RT on DVD

RT on DVD: A Sweet I Love You, Man Deleted Scene, Zooey Deschanel's Latest, and More

Plus, new flicks from Zac Efron, Zooey Deschanel, Oscar nominee The Class, and a TMNT super set!

by | August 10, 2009 | Comments

You’re in for some sweet, sweet movie watching this week, starting with the latest in bromantic comedies (I Love You, Man, starring Paul Rudd and Jason Segel). Those with a High School Musical fetish should check out Zac Efron’s more grown-up vehicle (17 Again), while you twee cineastes have a new reason to worship Zooey Deschanel (Gigantic, also starring Paul Dano). Go European with a few highly rated imports (Oscar nominee The Class; Paris 36; London to Brighton) or go lowbrow with a direct-to-DVD college comedy sequel (Road Trip: Beer Pong). Lastly, check out everyone’s favorite heroes on a half-shell (the Teenage Mutant Ninja Turtles 25th Anniversary set) and a few sci-fi throwbacks (the retro spoof Alien Trespass; Starman on Blu-ray).




Paul Rudd and Jason Segel (who last co-starred in 2008’s Forgetting Sarah Marshall) team up again in this romantic comedy of sorts about a super nice girls’ guy (Rudd) on a desperate search for a best man who finds an unlikely BFF in a carefree bohemian bachelor (Segel). Naturally, the odd couple bond over poop jokes, the music of Rush, and plenty of Apatow-styled comedy (minus the actual involvement, and some argue, the edginess, of Judd Apatow himself). This Certified Fresh valentine to the bromance — the unabashed man-love between two or more straight men — comes to DVD with even more laughs, thanks to a wealth of additional footage that includes alternate take after take of ad-libbed lines and a particularly cozy commentary track with Rudd, Segel, and director/co-writer John Hamburg (pictured in the exclusive snapshot above recording the DVD commentary on a special man-date in Hollywood). Watch an exclusive deleted scene below!

Next: Zac Efron grows up (and Matthew Perry gets younger) in 17 Again


17 Again


57%




Disney star Zac Efron continues to transition out of the ‘tween niche with 17 Again, his first starring vehicle after hitting stardom as the singing jock in the High School Musical films (a supporting role in Hairspray earned kudos, as did the forthcoming Me and Orson Welles, which was directed by Richard Linklater and debuted at the Toronto Film Festival). In 17 Again, an unhappy former basketball star (played in middle age by Matthew Perry, who we hope Efron doesn’t grow up to resemble) wishes his way back into his 17-year-old body (Efron) to relive the glorious high school life that he once had. The only catch? Save his grown-up geek of a best friend (Thomas Lennon), nobody knows who he really is, including his estranged wife (Leslie Mann) and his two teenage children. Truth be told, the formulaic fantasy wasn’t as bad as some critics feared, thanks in great part to Efron’s winning charm, resulting in a Tomatometer rating just shy of Fresh. For a handful of Zac-tastic bonus features (including a commentary track with Efron available on BD-Live, OMG) you’ll have to pick up 17 Again on Blu-ray.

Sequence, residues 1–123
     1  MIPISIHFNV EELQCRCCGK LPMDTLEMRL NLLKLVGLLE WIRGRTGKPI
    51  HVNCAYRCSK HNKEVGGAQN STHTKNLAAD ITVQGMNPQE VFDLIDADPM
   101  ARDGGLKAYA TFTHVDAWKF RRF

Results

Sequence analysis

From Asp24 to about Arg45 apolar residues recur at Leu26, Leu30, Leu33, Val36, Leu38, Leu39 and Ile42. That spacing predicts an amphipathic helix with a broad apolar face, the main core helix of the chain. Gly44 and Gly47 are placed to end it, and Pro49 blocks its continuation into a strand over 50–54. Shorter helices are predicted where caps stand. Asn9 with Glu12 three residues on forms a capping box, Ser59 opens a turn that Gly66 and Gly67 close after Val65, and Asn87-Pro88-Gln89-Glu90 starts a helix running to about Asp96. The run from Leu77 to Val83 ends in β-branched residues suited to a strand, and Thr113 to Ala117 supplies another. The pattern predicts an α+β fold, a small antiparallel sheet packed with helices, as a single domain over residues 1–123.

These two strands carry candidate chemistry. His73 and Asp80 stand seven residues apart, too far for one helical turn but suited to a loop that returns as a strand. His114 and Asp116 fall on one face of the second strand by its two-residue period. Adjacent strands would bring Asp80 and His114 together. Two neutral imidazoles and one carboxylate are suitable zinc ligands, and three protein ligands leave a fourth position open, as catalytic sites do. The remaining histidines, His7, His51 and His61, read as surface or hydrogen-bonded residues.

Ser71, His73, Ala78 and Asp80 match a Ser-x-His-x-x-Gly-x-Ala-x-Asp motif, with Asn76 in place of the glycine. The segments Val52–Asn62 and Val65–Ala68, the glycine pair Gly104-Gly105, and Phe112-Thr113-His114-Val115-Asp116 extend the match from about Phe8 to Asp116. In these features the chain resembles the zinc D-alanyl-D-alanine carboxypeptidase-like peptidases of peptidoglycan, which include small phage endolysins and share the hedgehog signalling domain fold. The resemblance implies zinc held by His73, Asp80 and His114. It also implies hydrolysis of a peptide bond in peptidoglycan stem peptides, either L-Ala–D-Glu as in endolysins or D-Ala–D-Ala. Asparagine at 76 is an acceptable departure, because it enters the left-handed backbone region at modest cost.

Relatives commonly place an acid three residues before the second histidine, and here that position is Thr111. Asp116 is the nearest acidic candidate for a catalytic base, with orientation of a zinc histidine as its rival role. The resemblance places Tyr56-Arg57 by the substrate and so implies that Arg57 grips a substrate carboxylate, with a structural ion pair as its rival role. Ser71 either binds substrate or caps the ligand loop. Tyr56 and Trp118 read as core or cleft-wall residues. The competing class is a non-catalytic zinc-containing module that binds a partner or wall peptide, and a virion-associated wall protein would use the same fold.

Next: Zooey Deschanel as Paul Dano’s manic pixie dream girl


Gigantic


38%




Anyone already tired of the Zooey Deschanel Manic Pixie Romance Film (see: Elf, (500) Days of Summer, Yes Man, The Go-Getter, etc.) should go ahead and skip this one on principle, seeing as Deschanel plays a beautiful, quirky love interest yet again — and what’s more, her character’s name is “Happy.” All others will find that Gigantic is on quirky indie overload, from its plot (28-year-old man-child mattress salesman adopts Chinese orphan baby) to its supporting cast (John Goodman as Happy’s millionaire father, Ed Asner as a mushroom-hunting senior citizen). Only a few extra scenes have been included, making for a fairly sparse DVD menu.

Next: France’s Oscar nominee, The Class


The Class


97%




One of the best-reviewed films of last year, this French drama not only earned an impressive 97 percent Tomatometer (and Certified Fresh seal of approval), it also won the Palme d’Or at the Cannes Film Festival and an Oscar nomination for Best Foreign Film. Partially filmed documentary-style, The Class (AKA Entre les murs) follows an inner city teacher, played by Francois Begadueau (who wrote the original book from his own experiences) over the course of a year within the walls of a Parisian school where racially diverse students examine themselves and each other. Director Laurent Cantet cast an impressive group of non-actor teens, lending a natural energy to his film; their own self-portraits and actors’ workshop are a few of the fascinating extra features included in the release.

Next: Moulin Rouge-esque nostalgia in Paris 36


Paris 36


58%




Moulin Rouge devotees might like this similarly-themed and -set musical comedy about a ragtag group of locals who attempt to restore a Parisian theater with a fantastic vaudeville show in 1936. Pure Francophiles are the target audience here, as the more bourgeois in taste might find the frothy proceedings too light and whimsical for their liking, and the multi-strand plot altogether too jumbled. However, if you’re in the mood for an unapologetically nostalgic fantasy filled with fabulous costuming, intricate musical numbers, and Amelie-like adornments (and who isn’t, really?), give Paris 36 a rental.

Next: The gritty, taut crime thriller London to Brighton